By Mary O’Brien, M.D.
Are you already worn out from holiday activities? There is Thanksgiving travel, Black Friday, Cyber Monday, and reports of morning, noon, and night sales hitting record levels. The cold and flu season is well underway, and millions of Americans are totally tuckered out. They will, nonetheless, try to sustain this frenetic activity for another month. There is an alternative, old-fashioned, counter-cultural approach. It’s called Advent.
Long, long ago, before people had electronic devices surgically implanted into the palms of their hands, they observed a quiet, disciplined period of waiting for Christmas. The word, “Advent,” is from the Latin word “adventus,” referring to the arrival of a significant person, time, or event. Over the centuries, Christians developed the practice of spending the four weeks before Christmas in prayer, fasting, and giving alms to the poor. It was a way to discipline themselves, physically and spiritually.
Many of our grandparents were very serious about this tradition. They waited to put up a tree and decorate it until Christmas Eve. The 12 days of Christmas were actually celebrated from Christmas Day to January 6th, the Epiphany, or arrival of the three Wisemen. Today, Christmas-in-July sales have us in major shopping mode for half the year. Many people are tired of Christmas long before it arrives. By the time credit card bills arrive in late December, very few people are ready for any sort of Epiphany, spiritual, or otherwise.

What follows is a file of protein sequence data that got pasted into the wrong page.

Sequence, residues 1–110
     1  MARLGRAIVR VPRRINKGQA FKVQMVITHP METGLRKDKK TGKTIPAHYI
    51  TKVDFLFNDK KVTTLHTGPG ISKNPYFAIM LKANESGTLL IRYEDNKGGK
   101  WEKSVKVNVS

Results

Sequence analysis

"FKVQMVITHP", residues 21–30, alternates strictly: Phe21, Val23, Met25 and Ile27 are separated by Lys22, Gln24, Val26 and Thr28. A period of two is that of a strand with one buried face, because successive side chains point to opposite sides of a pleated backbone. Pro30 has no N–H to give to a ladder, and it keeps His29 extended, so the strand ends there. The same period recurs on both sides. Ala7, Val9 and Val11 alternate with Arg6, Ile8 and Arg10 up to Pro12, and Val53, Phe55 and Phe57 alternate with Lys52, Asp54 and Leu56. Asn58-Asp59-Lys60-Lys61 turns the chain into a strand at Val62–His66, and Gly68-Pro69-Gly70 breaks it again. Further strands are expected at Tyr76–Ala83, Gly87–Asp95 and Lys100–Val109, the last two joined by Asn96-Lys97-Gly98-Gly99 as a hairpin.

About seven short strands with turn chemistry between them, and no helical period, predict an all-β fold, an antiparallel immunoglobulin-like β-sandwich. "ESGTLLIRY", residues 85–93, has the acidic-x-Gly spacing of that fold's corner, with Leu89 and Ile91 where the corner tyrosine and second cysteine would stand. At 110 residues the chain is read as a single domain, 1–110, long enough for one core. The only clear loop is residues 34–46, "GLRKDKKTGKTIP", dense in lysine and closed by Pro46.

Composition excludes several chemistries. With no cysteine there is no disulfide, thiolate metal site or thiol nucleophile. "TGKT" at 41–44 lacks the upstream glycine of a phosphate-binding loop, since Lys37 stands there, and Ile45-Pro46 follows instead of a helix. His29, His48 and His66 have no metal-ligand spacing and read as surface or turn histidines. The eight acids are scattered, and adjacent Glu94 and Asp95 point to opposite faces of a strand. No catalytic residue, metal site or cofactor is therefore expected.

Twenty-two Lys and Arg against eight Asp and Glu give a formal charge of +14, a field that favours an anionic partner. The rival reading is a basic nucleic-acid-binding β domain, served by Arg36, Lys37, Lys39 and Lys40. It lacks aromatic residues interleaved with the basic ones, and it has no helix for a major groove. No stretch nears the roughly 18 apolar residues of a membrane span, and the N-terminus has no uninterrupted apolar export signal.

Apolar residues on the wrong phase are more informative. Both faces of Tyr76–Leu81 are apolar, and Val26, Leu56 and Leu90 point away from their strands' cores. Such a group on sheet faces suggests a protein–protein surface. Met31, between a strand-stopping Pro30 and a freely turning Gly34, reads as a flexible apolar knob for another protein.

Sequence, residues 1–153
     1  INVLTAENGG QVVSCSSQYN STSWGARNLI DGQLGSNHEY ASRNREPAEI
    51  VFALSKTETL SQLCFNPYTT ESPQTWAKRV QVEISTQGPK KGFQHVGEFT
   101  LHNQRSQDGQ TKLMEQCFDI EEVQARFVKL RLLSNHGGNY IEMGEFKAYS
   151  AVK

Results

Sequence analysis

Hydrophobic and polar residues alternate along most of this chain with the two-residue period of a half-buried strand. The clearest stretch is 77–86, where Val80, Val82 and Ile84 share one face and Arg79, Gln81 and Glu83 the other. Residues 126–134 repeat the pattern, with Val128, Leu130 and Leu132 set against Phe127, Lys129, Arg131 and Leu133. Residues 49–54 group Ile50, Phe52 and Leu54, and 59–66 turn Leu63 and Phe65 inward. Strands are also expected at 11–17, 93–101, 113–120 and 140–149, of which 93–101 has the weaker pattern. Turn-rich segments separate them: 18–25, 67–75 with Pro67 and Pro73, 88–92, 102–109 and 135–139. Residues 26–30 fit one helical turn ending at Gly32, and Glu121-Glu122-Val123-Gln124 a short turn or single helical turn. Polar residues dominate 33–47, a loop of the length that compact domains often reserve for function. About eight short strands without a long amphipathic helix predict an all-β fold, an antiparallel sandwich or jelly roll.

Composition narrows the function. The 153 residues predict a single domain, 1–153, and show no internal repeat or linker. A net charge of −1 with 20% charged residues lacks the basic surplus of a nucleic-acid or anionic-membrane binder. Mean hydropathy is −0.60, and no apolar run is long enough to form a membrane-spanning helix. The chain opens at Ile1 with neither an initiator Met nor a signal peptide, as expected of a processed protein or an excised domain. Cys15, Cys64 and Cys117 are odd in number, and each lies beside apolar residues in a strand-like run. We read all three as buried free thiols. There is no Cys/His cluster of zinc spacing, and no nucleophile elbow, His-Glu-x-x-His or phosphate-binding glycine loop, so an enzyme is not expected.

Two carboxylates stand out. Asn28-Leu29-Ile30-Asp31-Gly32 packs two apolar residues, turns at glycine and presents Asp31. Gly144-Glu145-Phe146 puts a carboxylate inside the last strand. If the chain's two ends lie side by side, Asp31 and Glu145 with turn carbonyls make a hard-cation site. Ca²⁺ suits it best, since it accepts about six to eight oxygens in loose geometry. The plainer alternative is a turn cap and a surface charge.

There are some healthy, helpful things any of us can do in the spirit of Advent. Most folks want to find meaning in their lives that extends beyond acquiring money, stuff, and titles. Nonstop, frantic striving can only distract us for so long.
- Before the holiday craziness consumes any more of your mental, physical, emotional, or spiritual energy, consider a slightly different approach to December: “Fast” from all electronics for one hour a day (while you’re actually awake). This will reveal volumes about where you are in life.
- Practice the old-fashioned discipline of giving up candy, sweets, desserts, etc. The first bite of your favorite holiday treat will taste heavenly. Chances are good that you’ll drop a few pounds in the process.
- Avoid spending money on fancy coffee, eating out, alcohol, and other little indulgences; give the money you save to help a family devastated by the recent natural disasters.
- Do something nice for someone else — anonymously.
- Do something nice for someone you really can’t stand.
- Invest 15–25 minutes each day in prayer, meditation, contemplation, or spiritual reading to focus on what matters most to you.
- Make a serious effort to replace cynicism and sarcasm with gratitude and gentleness.
If all of us did even half of these things for a few weeks, the ripple effect would be immense. Advent. It’s an old-fashioned, counter-cultural approach.